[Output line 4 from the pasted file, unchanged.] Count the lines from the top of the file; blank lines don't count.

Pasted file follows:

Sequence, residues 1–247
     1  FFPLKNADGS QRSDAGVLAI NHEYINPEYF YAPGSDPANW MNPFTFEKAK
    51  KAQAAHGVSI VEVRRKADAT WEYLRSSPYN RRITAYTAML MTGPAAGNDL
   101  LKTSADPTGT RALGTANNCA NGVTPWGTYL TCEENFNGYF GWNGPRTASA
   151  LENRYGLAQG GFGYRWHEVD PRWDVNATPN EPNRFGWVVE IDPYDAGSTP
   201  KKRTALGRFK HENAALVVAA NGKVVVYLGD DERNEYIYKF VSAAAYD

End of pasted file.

   101  LKTSADPTGT RALGTANNCA NGVTPWGTYL TCEENFNGYF GWNGPRTASA